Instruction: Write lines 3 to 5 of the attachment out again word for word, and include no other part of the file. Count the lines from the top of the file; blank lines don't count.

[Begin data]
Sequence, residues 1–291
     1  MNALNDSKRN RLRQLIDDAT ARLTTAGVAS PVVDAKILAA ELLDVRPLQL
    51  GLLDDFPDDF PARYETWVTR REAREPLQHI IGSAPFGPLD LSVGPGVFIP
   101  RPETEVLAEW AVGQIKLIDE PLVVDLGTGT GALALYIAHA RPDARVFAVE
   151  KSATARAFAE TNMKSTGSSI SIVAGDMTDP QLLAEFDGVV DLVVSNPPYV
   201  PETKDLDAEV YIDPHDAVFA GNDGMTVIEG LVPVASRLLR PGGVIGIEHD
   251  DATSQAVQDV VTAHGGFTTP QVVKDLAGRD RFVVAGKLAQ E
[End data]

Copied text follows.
    51  GLLDDFPDDF PARYETWVTR REAREPLQHI IGSAPFGPLD LSVGPGVFIP
   101  RPETEVLAEW AVGQIKLIDE PLVVDLGTGT GALALYIAHA RPDARVFAVE
   151  KSATARAFAE TNMKSTGSSI SIVAGDMTDP QLLAEFDGVV DLVVSNPPYV